Mike Flanagan isn’t a Wes Craven or John Carpenter … yet.
For now, he’s one of the better horror directors on the scene, someone who loves the genre and can tease plenty of chills from it.
He’s the mind behind Netflix’s new series, “Fall of the House of Usher” along with a string of streaming originals, including “Midnight Mass” and “The Haunting of Hill House.”
Flanagan also works steadily on big-screen projects like “Oculus,” “Ouija: Origin of Evil” and “Doctor Sleep.” Did we mention he’s prolific, too?
His 2016 thriller “Hush” benefited from both his affinity for horror and one killer gimmick.
Katie Siegel (who co-wrote the screenplay) stars as Maddie, a successful author eager to enjoy a stress-free night to herself. Tell that to the masked fiend lurking outside her posh home, eager to start trouble.
Maddie is deaf, so she can’t hear a single thing the intruder does while trying to enter the home.
The film’s Rotten Tomatoes description, which typical run a few sentences in length, reflects that elegant setup.
A deaf woman is stalked by a killer in her home.
It’s the ultimate elevator pitch, and it makes for a sublime home invasion treat.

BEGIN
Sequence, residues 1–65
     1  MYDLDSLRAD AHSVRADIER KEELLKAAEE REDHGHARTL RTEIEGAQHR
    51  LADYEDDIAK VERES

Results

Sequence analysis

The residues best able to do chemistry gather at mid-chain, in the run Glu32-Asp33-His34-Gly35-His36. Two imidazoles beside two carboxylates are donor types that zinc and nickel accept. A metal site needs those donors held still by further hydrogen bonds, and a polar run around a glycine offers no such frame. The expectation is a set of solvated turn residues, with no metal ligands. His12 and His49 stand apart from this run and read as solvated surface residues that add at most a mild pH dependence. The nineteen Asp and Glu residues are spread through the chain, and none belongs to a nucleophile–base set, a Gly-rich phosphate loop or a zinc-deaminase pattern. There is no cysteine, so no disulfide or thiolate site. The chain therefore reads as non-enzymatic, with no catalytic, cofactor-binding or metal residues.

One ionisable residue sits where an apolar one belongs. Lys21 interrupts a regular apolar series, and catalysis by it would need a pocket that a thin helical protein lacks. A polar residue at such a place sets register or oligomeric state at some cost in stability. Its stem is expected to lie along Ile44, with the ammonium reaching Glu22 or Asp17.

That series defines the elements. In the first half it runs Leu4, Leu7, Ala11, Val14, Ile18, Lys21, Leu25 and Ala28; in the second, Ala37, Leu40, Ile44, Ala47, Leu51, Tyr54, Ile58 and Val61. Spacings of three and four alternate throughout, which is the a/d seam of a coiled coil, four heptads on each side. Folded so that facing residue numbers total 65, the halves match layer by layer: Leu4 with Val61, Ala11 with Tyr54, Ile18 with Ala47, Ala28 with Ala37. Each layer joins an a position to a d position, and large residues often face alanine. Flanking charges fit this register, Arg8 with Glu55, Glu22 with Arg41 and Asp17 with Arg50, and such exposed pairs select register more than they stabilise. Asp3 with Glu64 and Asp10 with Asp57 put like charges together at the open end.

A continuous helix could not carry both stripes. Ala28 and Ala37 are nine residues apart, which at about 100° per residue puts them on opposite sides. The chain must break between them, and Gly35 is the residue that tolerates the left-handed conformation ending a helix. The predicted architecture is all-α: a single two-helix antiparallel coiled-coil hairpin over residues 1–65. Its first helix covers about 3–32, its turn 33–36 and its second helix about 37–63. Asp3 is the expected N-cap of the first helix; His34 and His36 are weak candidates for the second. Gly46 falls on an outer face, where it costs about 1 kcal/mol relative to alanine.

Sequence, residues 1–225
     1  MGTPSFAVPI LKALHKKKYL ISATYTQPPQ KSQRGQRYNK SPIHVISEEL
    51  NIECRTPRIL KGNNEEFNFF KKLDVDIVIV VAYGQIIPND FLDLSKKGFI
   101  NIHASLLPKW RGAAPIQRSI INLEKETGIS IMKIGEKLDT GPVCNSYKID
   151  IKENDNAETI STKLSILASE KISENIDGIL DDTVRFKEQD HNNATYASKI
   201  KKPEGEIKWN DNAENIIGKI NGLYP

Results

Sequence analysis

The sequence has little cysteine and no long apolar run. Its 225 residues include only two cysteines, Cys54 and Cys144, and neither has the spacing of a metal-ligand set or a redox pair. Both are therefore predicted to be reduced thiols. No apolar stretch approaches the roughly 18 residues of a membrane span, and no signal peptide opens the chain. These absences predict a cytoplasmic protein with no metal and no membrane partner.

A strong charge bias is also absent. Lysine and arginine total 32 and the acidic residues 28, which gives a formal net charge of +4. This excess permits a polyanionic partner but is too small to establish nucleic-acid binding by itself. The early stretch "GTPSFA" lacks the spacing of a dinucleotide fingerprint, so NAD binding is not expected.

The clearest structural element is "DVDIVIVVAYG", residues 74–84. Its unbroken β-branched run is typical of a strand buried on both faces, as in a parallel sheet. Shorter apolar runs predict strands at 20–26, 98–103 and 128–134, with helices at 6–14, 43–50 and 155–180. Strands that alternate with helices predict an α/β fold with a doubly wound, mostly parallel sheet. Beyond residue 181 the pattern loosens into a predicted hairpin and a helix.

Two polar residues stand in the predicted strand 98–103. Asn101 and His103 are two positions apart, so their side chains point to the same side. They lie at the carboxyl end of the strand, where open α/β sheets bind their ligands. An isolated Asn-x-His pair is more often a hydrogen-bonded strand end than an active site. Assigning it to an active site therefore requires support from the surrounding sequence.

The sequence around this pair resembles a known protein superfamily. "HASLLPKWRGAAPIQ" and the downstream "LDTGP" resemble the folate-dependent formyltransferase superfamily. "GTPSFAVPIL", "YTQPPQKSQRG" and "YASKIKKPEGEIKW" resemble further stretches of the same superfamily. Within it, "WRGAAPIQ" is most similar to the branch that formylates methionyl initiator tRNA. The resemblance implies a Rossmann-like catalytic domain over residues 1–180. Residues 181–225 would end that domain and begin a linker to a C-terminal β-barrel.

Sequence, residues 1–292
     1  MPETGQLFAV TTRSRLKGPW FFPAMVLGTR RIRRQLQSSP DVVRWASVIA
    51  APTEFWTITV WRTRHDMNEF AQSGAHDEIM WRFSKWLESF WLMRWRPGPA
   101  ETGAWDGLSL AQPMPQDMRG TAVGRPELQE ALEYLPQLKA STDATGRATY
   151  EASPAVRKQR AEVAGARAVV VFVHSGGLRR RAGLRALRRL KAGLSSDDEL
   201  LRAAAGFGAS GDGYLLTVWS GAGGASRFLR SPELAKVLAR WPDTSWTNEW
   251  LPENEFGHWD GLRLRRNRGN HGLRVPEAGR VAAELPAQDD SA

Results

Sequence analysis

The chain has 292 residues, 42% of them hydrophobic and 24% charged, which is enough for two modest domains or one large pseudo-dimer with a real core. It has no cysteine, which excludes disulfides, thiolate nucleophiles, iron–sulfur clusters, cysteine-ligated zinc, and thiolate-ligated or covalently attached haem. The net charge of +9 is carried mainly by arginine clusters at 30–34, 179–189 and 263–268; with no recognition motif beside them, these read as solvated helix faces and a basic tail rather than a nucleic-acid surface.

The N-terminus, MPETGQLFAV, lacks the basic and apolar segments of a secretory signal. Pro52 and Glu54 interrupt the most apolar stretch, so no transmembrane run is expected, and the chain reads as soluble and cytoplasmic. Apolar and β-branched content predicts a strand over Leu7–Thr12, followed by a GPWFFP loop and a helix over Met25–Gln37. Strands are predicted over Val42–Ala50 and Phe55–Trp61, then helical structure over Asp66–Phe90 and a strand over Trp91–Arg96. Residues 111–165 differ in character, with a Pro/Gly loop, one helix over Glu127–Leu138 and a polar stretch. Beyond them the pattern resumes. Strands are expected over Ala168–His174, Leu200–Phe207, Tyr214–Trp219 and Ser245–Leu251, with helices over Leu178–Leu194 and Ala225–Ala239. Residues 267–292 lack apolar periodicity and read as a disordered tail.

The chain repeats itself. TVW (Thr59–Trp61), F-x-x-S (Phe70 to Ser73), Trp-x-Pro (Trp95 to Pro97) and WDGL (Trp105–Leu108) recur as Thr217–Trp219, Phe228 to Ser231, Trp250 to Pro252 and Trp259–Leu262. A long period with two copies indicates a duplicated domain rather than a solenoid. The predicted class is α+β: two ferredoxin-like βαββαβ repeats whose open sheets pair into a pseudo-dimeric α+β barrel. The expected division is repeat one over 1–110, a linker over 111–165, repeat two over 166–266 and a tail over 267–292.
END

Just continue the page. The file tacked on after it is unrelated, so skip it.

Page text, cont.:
Flanagan stages it all with confidence, and Siegel’s heroine is both limited by her senses and smart enough to work around them as much as possible. That fascinating combo makes “Hush” irresistible, and its efficient running time (82 minutes) means the film understands the concept shouldn’t be stretched beyond its breaking point.
Siegel recalls how she prepared for the role and why it helped build the sense of isolation Maddie endures during the invasion.
During prep in Alabama, I would go entire days with earplugs in, just to be more familiar with how your body adjusts to not being able to get that outside stimulus, and how difficult it was to communicate with people with my slow sign language, when they couldn’t sign.
31 Days of Horror: